McDonald’s, by far the largest chain restaurant in the US, has made a major commitment to changing the way it sources its eggs.
This morning (Sept. 9), the super-sized chain announced that it would fully transition its Canadian and American egg supply to cage-free eggs over the next 10 years. The chain attributed the change to consumer preferences. “Our customers are increasingly interested in knowing more about their food and where it comes from,” said McDonald’s USA president Mike Andres. A company spokesperson told Quartz that it did not anticipate any impact on prices.
The company has tremendous buying power: McDonald’s USA buys approximately 2 billion eggs annually; the Canadian arm purchases about 120 million. (Those US numbers will likely go up once it begins its all-day breakfast service in October.) The Humane Society of the United States called the announcement a “watershed moment for animal welfare.” McDonald’s follows more than 60 other major chains, including Burger King and Starbucks, that have made similar announcements.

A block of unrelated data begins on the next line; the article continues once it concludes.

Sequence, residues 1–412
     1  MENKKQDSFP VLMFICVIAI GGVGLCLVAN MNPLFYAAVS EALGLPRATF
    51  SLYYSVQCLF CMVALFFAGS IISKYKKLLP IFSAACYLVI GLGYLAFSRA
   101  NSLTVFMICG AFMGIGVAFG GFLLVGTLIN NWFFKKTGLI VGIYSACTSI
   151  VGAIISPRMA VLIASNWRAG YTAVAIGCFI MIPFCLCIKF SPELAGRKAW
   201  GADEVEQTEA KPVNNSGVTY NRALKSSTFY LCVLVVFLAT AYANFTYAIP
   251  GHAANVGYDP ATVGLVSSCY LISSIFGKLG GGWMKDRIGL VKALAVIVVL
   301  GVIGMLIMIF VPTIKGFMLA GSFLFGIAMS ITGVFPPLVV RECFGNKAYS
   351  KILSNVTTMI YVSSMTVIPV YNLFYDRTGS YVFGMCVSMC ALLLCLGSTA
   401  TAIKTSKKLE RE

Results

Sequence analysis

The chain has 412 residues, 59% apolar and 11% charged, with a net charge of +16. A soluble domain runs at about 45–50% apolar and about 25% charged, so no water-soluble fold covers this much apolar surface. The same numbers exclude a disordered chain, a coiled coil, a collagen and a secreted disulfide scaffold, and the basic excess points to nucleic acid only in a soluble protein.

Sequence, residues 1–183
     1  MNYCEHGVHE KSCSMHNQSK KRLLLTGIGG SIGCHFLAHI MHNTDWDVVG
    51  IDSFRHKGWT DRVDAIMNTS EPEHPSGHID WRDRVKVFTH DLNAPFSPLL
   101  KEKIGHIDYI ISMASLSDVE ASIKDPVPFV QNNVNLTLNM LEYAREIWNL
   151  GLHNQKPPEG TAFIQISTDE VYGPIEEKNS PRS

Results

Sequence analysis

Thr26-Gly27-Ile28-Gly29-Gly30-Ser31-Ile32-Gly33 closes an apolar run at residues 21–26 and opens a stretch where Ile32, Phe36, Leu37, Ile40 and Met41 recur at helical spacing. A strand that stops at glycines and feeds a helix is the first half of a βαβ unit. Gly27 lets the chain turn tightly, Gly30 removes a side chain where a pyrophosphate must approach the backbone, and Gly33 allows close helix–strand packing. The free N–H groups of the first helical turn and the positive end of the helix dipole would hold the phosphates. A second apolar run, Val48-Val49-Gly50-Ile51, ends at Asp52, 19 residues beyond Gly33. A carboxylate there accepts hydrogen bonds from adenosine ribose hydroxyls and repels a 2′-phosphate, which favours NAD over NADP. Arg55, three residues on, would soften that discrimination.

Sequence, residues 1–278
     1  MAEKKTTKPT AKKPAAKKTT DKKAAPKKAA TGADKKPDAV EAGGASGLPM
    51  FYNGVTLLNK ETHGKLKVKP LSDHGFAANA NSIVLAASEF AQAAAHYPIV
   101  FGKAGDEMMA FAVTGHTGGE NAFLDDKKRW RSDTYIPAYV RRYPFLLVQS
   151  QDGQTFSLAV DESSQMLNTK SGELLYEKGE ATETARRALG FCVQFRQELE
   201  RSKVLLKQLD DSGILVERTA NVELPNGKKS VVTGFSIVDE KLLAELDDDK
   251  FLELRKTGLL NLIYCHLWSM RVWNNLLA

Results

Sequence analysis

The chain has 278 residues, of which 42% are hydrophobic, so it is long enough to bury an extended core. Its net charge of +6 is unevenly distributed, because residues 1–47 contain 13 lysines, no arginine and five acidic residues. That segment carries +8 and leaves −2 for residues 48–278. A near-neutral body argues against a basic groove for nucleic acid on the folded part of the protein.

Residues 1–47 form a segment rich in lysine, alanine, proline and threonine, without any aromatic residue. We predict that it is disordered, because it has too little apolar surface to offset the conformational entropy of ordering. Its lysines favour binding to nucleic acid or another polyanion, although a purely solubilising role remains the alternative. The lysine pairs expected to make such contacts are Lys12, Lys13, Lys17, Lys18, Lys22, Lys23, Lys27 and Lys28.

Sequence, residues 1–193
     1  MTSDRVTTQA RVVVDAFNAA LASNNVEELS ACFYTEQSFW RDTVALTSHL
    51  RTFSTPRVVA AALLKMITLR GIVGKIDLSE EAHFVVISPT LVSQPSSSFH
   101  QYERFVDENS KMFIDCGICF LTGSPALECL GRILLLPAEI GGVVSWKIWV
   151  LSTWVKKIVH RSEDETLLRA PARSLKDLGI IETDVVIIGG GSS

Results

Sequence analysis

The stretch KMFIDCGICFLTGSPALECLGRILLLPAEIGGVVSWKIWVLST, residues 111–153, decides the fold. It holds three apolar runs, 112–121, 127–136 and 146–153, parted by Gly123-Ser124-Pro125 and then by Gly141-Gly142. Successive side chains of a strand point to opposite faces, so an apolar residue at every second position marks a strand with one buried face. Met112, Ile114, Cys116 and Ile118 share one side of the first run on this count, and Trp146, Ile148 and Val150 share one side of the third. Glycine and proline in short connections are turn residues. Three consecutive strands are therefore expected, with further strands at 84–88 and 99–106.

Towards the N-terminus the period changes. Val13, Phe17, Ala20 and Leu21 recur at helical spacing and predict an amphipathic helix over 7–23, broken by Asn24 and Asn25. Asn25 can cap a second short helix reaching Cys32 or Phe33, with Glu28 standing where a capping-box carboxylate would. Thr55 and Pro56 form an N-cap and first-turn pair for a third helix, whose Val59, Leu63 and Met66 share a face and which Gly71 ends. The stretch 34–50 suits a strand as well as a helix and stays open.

Still, though, approximately 94% of table eggs in the US come from hens raised in cages that provide between 67 and 86 square inches per bird, less space than a typical sheet of paper and not enough for the chickens to spread their wings. The United Egg Producers, the US egg industry trade group, says that this is enough space to “optimize animal welfare” and provides a “safe, comfortable environment.” Animal welfare advocates disagree, however. HSUS says battery cages, which have been banned in Europe since 2012, make egg-laying hens ”among the most intensively confined animals in agribusiness.”
Cage-free eggs, meanwhile, usually come from hens raised in large barns. While these conditions are not considered perfect—there is generally no outdoor access, for example—they are seen as a major improvement from caged environments. (If continuous outdoor access is given, the eggs become “free-range.”)
Steve Easterbrook has said many times since taking over as McDonald’s CEO earlier this year that he wants the company to be a “modern, progressive burger company.” Announcements like this one, as well as the decision to only source chicken raised without antibiotics important to human medicine by 2017, seem to move in that direction.